I think you miss the point of Tails. Tails is something that whistleblowers like Snowden use when they're on the run and shit. In that circumstance, I don't think you'd have the luxury of finding the exact configuration of special snowflake hardware that works with Heads (Heads uses Linux-Libre). Obviously I've never been in that situation, but I imagine you'd have to take what you can get. You need that reliable driver compatibility that comes with a more blobby kernel.

That being said, on your home systems where you can have guarantees about the hardware that's used, I can absolutely see your point about Heads being better.



>Then there is the fact that the public facing code has vulnerabilities that the internally used code does not.

Can you elaborate?



>Hey, codemonkey. This is the DoD. If you want funding next year, put this 'bug' that will deanonymize 1% of users. 'Find' it in 6 months and fix it.

>It's really not that bad, is it?

>Do this to every developer unbeknownst to each other every few months.

>muh terrorists

>Of course, the DoD will need the proper code so the Chinese/Russians/Iranians/Norks can't hack us.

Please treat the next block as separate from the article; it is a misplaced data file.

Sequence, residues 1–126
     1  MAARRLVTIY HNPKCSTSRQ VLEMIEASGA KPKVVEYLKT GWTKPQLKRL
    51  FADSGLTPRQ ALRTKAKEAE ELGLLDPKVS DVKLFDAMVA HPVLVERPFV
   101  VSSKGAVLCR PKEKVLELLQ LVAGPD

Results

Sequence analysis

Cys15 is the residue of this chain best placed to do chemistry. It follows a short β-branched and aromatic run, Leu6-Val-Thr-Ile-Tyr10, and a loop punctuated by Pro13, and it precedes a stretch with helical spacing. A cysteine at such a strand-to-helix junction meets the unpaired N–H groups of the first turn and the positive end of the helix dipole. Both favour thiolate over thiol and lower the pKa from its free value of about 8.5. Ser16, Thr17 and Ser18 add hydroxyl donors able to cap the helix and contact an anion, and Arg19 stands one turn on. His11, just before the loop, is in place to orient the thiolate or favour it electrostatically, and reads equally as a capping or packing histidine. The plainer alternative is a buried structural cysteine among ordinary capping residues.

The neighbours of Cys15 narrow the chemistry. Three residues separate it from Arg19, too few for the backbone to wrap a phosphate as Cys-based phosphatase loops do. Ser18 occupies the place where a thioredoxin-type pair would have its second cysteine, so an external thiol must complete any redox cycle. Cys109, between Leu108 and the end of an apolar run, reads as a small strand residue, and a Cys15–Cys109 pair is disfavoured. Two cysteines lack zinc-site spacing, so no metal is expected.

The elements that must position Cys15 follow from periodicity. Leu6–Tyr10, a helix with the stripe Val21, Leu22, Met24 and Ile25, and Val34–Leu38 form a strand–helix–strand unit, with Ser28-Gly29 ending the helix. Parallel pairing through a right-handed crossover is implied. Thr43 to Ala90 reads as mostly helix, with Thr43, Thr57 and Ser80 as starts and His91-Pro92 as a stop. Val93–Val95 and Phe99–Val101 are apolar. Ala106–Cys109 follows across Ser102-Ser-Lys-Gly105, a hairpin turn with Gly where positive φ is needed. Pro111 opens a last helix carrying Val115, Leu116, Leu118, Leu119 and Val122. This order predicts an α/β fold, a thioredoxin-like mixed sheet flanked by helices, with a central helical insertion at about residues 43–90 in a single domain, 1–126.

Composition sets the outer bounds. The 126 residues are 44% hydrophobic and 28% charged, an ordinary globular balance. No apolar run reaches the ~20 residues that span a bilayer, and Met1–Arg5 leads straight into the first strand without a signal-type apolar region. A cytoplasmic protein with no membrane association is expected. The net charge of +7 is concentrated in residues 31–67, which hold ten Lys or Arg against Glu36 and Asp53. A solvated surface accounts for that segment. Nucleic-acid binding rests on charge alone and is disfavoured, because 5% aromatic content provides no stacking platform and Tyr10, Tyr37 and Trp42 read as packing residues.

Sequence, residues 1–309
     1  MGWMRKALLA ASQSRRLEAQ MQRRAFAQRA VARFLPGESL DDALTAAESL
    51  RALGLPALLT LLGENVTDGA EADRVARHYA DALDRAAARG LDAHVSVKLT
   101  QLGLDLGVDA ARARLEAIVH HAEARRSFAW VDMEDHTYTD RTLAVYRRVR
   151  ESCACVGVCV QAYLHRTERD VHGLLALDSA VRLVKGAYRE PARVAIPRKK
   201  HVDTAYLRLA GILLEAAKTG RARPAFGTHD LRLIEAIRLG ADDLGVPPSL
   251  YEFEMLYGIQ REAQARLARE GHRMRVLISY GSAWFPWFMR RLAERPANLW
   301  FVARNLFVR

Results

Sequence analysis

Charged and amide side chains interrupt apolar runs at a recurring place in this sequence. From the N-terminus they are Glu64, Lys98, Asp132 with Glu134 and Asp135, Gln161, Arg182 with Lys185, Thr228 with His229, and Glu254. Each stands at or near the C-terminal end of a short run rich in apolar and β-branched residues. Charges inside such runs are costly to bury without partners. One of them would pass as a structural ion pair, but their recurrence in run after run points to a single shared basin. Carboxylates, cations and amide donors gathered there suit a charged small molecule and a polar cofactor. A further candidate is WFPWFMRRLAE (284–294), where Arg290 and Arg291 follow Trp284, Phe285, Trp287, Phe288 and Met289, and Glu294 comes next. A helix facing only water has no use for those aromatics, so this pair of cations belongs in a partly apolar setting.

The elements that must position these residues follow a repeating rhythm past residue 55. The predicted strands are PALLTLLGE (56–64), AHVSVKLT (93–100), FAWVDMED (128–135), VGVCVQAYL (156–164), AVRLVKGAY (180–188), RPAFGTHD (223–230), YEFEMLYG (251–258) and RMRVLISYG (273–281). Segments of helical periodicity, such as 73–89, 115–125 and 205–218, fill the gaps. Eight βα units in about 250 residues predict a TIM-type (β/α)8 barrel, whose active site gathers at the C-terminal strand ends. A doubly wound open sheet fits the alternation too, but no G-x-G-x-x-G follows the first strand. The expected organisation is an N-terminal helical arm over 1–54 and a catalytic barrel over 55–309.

You really don't think an organization with hundreds of billions of dollars in budget won't develop a more secure fork than what is on GitHub? None of the head spooks use the unpatched software available to the public. They even have custom hardware from companies like Intel for them that don't have to security holes for the public.



And this applies only to Tor rather than i2p, because?


File: ed83ceba7bb1600⋯.png (490.09 KB, 449x401, 449:401, Girls.png)


>he didn't hear about flow correlation attacks



>Nigger, that's not how it works.

You see his IP right?

List of tor exist nodes is public, right?

You can jam his IP into browser and POP "this is tor exit node"

fuck off



Kill and eat these white girls!